Most times, if you feel like a failure, your wife or husband leaves you and you run out of money, it’s going to be hard to talk to yourself positively. When you’re in a situation like this, it’s likely you’ll find it almost impossible to see the good in your life and begin to talk to yourself positively. However, when things start going well for you, the world opens back up for you. During these “wasteland” times of life (as I call them) you whisper out the slightest prayer to the Lord and ask HIM to show you what you need to see—and how to think about your circumstances. This can avoid feeling trapped in your situation and your thinking. God is the one who has the power to RENEW YOUR MIND!!! (We can’t do it alone!)

In other words, when you see the possibilities in your life, positive thinking becomes much easier. You begin to see a route to take and fresh opportunities. You begin to OWN the promises of God to be faithful—even at moments when it does not ‘feel’ that way, we can remember that Romans 8:28 says, “And we know that God causes everything to work together for the good of those who love God and are called according to His purpose for them.” (In the previous verse, the spirit pleads with believers to be in harmony with God’s will.) When we are in His will, we know it will work together for good. It’s part of the maturing process of the believer. God has a higher purpose and will, even through negative circumstances.

Positive experiences > positive emotions > positive self-talk

Fredrickson is a positive psychology researcher at the University of North Carolina and she published a ground-breaking paper that provides surprising insights about positive thinking and its impact on your skills.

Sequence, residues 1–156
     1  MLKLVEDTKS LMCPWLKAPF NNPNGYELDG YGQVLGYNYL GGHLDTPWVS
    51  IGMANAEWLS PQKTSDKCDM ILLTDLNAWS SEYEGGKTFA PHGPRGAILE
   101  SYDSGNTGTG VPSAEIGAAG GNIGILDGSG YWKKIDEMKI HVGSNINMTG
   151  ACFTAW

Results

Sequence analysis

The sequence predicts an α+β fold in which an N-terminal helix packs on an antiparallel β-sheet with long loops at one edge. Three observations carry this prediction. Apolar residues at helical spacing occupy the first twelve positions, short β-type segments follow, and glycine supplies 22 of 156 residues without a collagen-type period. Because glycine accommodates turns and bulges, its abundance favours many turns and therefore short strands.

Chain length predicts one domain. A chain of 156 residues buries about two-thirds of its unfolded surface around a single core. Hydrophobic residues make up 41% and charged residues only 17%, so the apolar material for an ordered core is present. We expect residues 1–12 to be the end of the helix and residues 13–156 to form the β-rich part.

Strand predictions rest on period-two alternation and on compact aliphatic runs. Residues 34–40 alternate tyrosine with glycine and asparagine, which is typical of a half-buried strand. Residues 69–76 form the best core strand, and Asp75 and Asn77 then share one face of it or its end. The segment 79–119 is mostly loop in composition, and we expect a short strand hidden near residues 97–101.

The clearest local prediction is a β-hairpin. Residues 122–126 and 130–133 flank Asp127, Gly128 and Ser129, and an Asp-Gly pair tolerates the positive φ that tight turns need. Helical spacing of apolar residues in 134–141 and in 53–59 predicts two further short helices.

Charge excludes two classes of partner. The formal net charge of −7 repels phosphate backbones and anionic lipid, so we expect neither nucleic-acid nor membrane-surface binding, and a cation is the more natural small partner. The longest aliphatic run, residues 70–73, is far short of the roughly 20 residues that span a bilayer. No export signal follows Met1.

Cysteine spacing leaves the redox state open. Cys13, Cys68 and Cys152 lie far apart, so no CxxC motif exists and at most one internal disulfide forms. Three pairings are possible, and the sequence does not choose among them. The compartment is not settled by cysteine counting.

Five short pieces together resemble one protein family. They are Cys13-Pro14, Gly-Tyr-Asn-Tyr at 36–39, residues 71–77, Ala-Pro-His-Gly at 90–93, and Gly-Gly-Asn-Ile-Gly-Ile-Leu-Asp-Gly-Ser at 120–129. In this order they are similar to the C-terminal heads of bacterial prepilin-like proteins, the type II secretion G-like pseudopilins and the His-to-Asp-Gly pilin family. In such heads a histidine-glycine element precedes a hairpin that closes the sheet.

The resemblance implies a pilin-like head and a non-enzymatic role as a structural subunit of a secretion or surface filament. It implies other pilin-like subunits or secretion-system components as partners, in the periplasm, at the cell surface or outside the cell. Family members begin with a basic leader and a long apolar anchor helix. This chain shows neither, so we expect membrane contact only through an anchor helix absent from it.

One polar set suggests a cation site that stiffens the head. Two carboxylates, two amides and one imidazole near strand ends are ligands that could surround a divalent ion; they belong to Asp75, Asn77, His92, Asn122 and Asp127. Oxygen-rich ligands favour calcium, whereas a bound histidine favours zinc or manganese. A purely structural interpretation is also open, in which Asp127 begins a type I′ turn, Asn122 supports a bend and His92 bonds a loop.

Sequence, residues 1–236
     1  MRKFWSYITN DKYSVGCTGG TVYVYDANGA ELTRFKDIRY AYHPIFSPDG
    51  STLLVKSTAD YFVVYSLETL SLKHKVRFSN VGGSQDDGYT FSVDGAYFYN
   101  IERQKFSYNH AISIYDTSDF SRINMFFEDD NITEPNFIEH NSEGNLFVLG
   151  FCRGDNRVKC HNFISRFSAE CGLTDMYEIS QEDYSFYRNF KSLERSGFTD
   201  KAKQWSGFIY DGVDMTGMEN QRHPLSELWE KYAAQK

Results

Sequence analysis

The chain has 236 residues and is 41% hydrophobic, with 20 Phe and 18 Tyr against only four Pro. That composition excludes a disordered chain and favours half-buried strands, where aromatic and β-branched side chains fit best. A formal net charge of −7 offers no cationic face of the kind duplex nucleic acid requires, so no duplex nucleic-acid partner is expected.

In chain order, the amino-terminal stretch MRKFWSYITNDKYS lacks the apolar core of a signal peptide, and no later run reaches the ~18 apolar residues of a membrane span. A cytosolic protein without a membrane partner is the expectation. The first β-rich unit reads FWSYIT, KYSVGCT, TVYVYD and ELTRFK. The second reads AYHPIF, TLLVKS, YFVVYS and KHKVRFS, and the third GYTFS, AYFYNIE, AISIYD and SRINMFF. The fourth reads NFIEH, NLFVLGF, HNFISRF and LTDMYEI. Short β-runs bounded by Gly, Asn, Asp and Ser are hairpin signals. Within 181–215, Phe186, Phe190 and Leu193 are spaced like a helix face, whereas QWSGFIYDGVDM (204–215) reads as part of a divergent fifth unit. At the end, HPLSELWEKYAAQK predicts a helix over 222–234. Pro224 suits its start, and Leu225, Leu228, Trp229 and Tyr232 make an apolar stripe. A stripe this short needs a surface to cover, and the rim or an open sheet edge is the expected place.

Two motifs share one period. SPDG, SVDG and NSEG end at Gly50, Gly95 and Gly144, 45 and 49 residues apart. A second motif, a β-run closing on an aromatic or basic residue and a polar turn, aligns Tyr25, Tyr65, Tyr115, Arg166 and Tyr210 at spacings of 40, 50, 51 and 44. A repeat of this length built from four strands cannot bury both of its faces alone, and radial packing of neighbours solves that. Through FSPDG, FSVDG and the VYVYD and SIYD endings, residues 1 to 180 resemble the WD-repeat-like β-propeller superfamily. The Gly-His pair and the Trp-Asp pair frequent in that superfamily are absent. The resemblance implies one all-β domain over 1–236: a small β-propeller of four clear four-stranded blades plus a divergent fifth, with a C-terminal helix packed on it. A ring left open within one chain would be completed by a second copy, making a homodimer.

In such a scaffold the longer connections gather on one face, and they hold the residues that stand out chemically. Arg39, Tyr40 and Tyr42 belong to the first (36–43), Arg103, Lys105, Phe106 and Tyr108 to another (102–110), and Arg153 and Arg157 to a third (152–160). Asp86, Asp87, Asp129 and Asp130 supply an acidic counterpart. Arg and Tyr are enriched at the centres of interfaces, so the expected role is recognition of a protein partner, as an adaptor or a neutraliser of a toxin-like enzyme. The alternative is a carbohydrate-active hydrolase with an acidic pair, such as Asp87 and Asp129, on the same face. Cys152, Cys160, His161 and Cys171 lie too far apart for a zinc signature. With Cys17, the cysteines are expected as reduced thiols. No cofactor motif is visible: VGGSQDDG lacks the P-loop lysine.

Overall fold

Fredrickson’s research shows that if you ‘expose yourself to positive experiences, you’re more likely to feel positive emotions, and when you’re feeling positive emotions, you’re more likely to practice positive self-talk.’

In other words, it’s important for children (and adults!) to go out and play, engage in play activities and talk to other children. This is because these experiences teach the child how to interact with others while they learn how far they can take things with their peers before things become too rough. It also teaches life skills and can build confidence if a child is coached to emotional maturity in this area. Sadly, most of us never learned this skill growing up and need to cultivate it.

*Do you realize many of us went for almost two years (lockdowns, restrictions, etc) with no practice in some of these skills? It has handicapped our social interactions and bludgeoned our nation’s mental health.*

It’s easy to hide from the world when you experience negative emotions such as depression. You may lie in bed all day, ‘hiding,’ but you are also hiding from the possibilities in your life that you can’t find under a blanket. In other words, the world shrinks away and there’s more chance of you talking to yourself negatively.

As with healthy child interaction, when you expose yourself to healthy, affirming adult social situations and interact with a group of people, you learn how to speak to a variety of different people. You broaden/practice your social skills and become more positive about yourself and the world around you. You begin to understand that people sometimes need to be interacted with differently from others helping you to be more compassionate, assertive, patient, and understanding. You build a communication skillset you can call upon whenever needed, this way. Break out by creating better habits throughout your week whether it’s making more time to play, meditating, keeping a written schedule, changing your diet, or simply going for more walks—and don’t forget about intentionally getting together with positive people that make you feel good about yourself and who spread positivity. Those three things are always recommended for positivity and good mental health—so I feel it wrong not to at least mention them here. Many of us gave up GOOD habits over the past two years, either out of necessity or lack of drive. It may be time to give yourself permission to go back to those things.

There’s nothing like accomplishing something you’ve wanted to do –and even put off. It will create a more positive frame of mind! Go for it!!

Speak Your Mind


*Do you realize many of us went for almost two years (lockdowns, restrictions, etc) with no practice in some of these skills? It has handicapped our social interactions and bludgeoned our nation’s mental health.*